Great potential for wireless sensor systems through transponder technology
Transponder systems are becoming increasingly important in daily life. Whereas the simplest versions are used as identification or storage media, additional information on objects or their environmental conditions can be collected by adding sensor systems. Innovative systems and concepts can be used to monitor goods for example, particularly in the commercial and logistics sector. On the technical side, this means that miniaturized, autonomous measuring systems can be realized as well as complex implantable diagnostic systems in medical technology.
Work at the Fraunhofer Institute for Photonic Microsystems IPMS focuses on the use of RFID technology for microsystems. Radio Frequency Identification (RFID) is a wireless data and energy transmission technology. It allows small, energy self-sufficient systems to be developed for a variety of applications. These wireless systems can then work passively as measuring systems. The transponder platform developed at the Fraunhofer IPMS combines a RFID tag with sensors and a microcontroller. The Institute can offer suitable solutions for all frequency ranges from 125 kHz (LF) through to 900 MHz (UHF).
At this year's "Sensors Expo & Conference" between June 4 and 6, 2013 in Rosemont, IL, USA, the Fraunhofer IPMS will be presenting transponder systems with integrated pressure, moisture and temperature sensors (booth 726).
Intelligent hip prostheses
Implants have been used for decades in medicine to restore functions of the human body or to relieve acute pain. Mechanical parts are normally implanted to ensure stability or replace bones. These implants remain in the patient's body either for the rest of their life or at least for a longer period of time. The most common example of these implants is an artificial hip joint.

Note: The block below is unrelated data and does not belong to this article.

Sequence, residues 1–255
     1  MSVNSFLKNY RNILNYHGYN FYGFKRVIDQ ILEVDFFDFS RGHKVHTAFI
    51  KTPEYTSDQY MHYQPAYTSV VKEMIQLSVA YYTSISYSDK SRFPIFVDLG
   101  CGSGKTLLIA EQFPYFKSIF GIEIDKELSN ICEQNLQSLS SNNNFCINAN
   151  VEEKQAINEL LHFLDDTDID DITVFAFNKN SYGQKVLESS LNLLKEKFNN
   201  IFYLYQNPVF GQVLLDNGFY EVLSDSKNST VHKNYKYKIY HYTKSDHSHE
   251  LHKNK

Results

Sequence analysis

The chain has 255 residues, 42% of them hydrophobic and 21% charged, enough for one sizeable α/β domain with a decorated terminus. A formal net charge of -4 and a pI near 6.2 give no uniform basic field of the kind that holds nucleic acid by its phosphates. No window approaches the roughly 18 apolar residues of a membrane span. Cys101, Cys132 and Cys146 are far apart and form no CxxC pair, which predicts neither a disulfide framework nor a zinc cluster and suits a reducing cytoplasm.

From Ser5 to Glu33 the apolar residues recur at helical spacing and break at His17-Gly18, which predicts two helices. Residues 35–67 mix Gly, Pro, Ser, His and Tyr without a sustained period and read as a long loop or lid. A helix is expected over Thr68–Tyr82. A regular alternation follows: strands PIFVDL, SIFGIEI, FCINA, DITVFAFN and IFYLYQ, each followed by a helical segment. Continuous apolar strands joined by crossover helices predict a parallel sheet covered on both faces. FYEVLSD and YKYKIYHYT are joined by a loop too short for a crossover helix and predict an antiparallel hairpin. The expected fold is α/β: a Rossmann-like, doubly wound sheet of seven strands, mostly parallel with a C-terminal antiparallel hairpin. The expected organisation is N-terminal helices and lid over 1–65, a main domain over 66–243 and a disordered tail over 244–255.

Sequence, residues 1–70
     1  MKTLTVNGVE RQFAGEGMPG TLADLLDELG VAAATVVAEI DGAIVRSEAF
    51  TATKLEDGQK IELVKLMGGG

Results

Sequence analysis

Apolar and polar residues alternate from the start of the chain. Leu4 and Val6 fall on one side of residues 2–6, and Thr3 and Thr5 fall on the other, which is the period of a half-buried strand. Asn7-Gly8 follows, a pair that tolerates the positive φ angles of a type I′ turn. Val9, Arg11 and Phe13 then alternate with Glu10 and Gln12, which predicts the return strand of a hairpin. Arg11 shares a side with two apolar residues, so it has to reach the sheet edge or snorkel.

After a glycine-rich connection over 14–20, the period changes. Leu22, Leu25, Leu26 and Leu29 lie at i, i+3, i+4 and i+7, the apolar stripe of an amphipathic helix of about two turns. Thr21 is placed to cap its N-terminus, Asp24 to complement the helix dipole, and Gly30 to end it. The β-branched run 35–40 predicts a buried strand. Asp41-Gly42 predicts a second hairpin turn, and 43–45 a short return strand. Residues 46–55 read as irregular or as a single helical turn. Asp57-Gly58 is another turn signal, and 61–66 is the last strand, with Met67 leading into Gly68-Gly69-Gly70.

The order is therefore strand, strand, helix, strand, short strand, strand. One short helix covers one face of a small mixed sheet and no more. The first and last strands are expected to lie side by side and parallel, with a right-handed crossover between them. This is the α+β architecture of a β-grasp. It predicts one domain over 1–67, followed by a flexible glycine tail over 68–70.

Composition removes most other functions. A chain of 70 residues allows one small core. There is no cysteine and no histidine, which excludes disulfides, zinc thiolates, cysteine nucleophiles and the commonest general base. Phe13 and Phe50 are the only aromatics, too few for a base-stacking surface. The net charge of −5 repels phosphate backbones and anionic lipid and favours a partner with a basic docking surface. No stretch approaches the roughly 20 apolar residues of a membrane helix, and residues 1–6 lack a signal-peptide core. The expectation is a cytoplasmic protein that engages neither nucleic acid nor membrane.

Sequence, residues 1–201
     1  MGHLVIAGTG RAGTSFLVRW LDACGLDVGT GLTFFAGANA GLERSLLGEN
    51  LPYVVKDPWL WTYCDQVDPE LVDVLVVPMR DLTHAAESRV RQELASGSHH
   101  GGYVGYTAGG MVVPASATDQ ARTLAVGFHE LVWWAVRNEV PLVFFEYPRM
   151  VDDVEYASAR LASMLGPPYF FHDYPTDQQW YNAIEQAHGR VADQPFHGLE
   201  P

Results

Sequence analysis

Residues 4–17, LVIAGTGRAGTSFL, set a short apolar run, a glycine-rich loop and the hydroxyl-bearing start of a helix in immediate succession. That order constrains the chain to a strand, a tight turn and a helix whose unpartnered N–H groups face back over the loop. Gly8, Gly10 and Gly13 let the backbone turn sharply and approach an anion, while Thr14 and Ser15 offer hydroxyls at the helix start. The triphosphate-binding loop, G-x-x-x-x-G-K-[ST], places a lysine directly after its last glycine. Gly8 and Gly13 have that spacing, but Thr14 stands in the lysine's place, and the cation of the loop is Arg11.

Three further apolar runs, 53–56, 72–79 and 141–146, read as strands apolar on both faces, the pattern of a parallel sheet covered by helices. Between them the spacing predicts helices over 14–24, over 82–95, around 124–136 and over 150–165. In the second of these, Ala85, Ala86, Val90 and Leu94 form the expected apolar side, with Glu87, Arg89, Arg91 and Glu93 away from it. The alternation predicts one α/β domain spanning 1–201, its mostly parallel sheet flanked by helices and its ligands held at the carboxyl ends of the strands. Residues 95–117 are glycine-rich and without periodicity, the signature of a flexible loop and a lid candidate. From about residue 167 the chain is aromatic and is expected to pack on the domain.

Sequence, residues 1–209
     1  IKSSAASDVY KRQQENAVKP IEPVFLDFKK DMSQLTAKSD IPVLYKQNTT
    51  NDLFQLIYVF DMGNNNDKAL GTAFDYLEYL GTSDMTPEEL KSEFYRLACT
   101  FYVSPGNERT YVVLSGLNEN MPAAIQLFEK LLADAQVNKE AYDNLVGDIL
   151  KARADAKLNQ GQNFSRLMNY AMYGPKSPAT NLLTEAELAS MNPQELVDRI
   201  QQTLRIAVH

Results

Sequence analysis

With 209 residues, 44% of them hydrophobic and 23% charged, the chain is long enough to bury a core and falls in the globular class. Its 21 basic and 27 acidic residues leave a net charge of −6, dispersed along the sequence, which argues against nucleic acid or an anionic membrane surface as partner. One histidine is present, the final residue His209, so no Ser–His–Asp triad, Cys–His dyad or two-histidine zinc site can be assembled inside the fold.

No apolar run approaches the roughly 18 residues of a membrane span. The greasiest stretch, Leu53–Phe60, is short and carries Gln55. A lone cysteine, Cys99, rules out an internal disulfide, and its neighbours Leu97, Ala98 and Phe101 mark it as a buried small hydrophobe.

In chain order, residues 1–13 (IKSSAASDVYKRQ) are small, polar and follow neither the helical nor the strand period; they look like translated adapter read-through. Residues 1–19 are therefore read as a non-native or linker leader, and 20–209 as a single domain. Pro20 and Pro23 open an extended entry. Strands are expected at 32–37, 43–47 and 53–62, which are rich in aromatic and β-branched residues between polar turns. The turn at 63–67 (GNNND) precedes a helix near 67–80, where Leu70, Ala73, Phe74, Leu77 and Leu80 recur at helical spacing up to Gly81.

Thanks to the development of microsystems technology, we are now able to equip implants with measuring and monitoring functions. But the supply of energy inside the body remains a key problem. The use of transponder technology is therefore an ideal solution for long-term implants. The energy needed for the measurements is transmitted to the implant from the outside by means of magnetic coupling, without any wires. A platform was developed at the Fraunhofer IPMS on the basis of this technology that supplies the electronic circuitry in the implant with energy and at the same time can export the measured data. Hans-Jürgen Holland, deputy director of the Wireless Microsystems business unit, explains: "Our technology is based on a low-frequency transponder circuit. The chosen carrier frequency of 125 kHz guarantees that sufficient energy is supplied to the implant. The circuit contains not only the transponder components but also a freely programmable microcontroller with connections for digital and/or analogue sensors and actuators." There are many possible applications. For example, this solution can be used for a continuous measurement of the temperature, pressure, acceleration or pH value. A simultaneous signal processing and analysis of the measured results in the implant is also possible.
Fraunhofer IPMS will be exhibiting one such intelligent implant at the Sensors Expo using a hip prosthesis equipped with a sensor system to check whether it is still well anchored in the bone as an example.
Temperature monitoring in switchgear by RFID transponders
But transponders are used in not just medical technology; miniaturized, autonomous measuring systems can also be realized with them in the technical field. One practical example of such an application is monitoring the temperature on busbars in switch cabinets. To this end, Ultra-High-Frequency (UHF) RFID transponders from the Fraunhofer IPMS with temperature sensors are installed in the switch cabinets from the Luxemburg firm of KÖHL AG. This kind of measurement allows the wireless and battery-free monitoring of screw connections on the busbars. If these become loose, the electric transition resistance rises, which heats up the contact point and, in extreme cases, can lead to dangerous arcing. Thanks to the sensor transponders from the Fraunhofer IPMS, this kind of development can be monitored and maintenance measures initiated in due time.